The Political Takedown of Patrick Brown - Part One

Rivers 100x100By Ray Rivers

December 11th, 2018

BURLINGTON, ON

 

It’s not a Shakespearean plot. Though old William would have found it worthy. The story of an ambitious young man climbing up the political ladder to the top of his organization, only to be stabbed in the back by his compatriots. Oh wait a minute, that sounds familiar!

Takedown cover

Patrick Brown was not going to slink away – he wrote a book about what happened – and then went off to get elected as Mayor of Brampton.

Patrick Brown paid a heavy price for advancing his political philosophy with the Ontario PCs, while those about him were into the darker side of social and environmental politics. He labels himself a progressive or red Tory. His heroes and mentors are Bill Davis, Jean Charest and Brian Mulroney, probably in that order. He had been born into a political family and politics was his life’s aspiration.

He seized the opportunity to get elected into Stephen Harper’s first minority government but was uncomfortable voting the party line on issues like opposing same-sex marriage and reopening the abortion debate, though he did anyway. But his reticence was obviously noticed and so he never made it to the front line of the Harper team, but was relegated to the back benches.

I know this because it is in his book titled ‘Takedown’. Tired of taking abuse from his own party which was moving even further to the right, Brown sought the leadership of the Ontario PCs.

Christine Elliot was the heir apparent, the favourite establishment candidate. But even after the three other establishment candidates had dropped out, she couldn’t muster enough voting members to defeat Brown’s well organized campaign.

Brown with members of Asian community

Brown included the south east Asian community in a way they had not been included in the past by the provincial Tories. It paid off for him

As an MP Brown had used his position to cultivate friendships with the Tamil, Indian, and Muslim ethnic communities. His reward was their support when he ran for leader of the provincial party, and afterwards when, as leader, he grew the provincial party’s membership from 10,000 to well over 100,000. As leader Brown also eliminated the party’s seven million dollar debt and stashed another four million aside for the 2018 election war chest.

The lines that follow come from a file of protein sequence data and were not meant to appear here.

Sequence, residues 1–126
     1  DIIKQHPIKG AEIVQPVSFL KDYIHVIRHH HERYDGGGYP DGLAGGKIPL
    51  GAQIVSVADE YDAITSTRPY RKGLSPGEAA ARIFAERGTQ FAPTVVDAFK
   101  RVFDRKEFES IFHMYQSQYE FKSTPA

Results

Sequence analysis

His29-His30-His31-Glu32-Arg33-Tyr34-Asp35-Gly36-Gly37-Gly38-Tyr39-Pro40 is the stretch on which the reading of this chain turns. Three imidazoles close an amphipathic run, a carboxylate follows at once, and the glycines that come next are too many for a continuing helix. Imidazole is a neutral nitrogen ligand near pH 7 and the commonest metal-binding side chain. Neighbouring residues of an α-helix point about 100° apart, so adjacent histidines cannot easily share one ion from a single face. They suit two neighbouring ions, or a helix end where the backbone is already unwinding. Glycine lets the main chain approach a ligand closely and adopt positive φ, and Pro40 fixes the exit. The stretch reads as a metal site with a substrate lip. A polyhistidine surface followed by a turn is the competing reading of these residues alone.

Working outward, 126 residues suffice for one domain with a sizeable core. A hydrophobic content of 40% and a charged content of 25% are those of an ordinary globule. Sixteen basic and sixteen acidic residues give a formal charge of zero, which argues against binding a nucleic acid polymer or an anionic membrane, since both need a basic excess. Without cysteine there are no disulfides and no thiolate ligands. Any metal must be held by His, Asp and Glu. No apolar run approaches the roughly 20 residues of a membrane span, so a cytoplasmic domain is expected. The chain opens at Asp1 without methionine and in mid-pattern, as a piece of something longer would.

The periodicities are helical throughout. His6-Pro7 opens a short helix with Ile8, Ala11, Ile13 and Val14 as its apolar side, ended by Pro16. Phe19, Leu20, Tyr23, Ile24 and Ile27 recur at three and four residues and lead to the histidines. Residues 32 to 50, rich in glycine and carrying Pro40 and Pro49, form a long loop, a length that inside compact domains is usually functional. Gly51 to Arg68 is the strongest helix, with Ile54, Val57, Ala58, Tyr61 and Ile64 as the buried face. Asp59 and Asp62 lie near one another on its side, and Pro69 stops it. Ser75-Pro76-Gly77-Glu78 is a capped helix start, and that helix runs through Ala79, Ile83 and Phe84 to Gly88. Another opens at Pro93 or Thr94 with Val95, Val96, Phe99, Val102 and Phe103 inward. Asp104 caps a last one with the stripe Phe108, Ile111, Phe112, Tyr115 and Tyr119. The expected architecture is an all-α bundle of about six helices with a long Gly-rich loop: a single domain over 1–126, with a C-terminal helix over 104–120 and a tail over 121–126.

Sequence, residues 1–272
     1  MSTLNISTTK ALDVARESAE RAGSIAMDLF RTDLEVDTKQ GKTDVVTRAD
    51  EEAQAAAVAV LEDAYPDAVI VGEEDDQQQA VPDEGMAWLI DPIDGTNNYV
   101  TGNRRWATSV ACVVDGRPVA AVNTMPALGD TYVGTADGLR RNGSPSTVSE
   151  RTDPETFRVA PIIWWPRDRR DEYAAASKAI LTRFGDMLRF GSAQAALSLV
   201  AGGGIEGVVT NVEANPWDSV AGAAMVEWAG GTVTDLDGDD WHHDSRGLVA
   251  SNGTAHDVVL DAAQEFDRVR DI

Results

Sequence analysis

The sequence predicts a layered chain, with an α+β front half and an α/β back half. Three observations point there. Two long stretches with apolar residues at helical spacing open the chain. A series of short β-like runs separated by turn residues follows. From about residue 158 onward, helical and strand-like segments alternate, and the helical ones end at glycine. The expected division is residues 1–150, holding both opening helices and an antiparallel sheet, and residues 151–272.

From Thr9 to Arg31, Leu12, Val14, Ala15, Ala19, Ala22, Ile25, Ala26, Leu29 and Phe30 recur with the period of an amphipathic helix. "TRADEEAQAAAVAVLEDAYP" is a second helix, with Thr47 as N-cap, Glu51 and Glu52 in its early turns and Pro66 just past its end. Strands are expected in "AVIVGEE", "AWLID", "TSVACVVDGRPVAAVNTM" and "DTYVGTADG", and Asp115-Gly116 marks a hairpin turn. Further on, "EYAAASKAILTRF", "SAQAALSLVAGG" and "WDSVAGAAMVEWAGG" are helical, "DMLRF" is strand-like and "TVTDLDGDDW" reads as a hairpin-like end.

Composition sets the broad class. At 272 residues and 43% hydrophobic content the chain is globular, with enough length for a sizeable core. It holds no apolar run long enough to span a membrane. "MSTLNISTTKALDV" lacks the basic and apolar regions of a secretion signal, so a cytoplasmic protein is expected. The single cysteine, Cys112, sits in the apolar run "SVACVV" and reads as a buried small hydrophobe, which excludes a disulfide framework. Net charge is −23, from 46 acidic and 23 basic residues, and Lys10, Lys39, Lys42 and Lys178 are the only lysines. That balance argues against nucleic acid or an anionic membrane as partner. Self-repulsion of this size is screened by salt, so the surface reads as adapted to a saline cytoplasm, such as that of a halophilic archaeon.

But it was inevitable. He was the newbie with no history or buddies in the provincial party and he had stolen the leadership from the chosen one. And what may have seemed like a gentle breeze of resistance from the party stalwarts on his way up the pecking order would eventually turn into a powerful headwind pushing him rapidly back down.

He really should have read Julius Caesar. What probably sealed his fate was the party’s policy conference where all of Brown’s platform ideas got molded into his People’s Guarantee. It was a very comprehensive platform and he earned the wrath of the religious right by confirming that the sex-ed program brought in by the Liberals would stay in place.

Brown cultivates the LGBT community

Brown cultivates the LGBT community

Then he added insult to injury by promising to replace the provincial cap and trade program with a revenue neutral carbon tax which would be used to finance income tax cuts. That this also met the criteria for Mr.Trudeau’s mandated carbon pricing infuriated the party elders who also like to keep at least one eye on federal politics.

By early January this year it was becoming apparent that the Wynne Liberals were heading for a major defeat and that a PC majority was almost a given. That would mean that this red Tory, Brown, would be in power for at least the next four years and possibly eight. And since Brown had consented to continue much of Kathleen Wynne’s Liberal program there had be consternation among the old guard about where this grand old party was heading.

Except for his promises of ending the Green Energy Act and making tax cuts Brown might have been just another Liberal dressed in blue clothing. This was not the path that conservative oriented parties everywhere were going. So a revolt was no doubt in the works. And it had to happen before he ran and won the upcoming provincial election in June of this year. We’ll discuss how it all seemed to go wrong for Brown in the next part of this series.

To be continued…….

Rivers hand to faceRay Rivers writes regularly on both federal and provincial politics, applying his more than 25 years as a federal bureaucrat to his thinking.  Rivers was once a candidate for provincial office in Burlington.  He was the founder of the Burlington citizen committee on sustainability at a time when climate warming was a hotly debated subject.   Ray has a post graduate degree in economics that he earned at the University of Ottawa.  Tweet @rayzrivers

 

Background links:

Brown –      Brown’s Book

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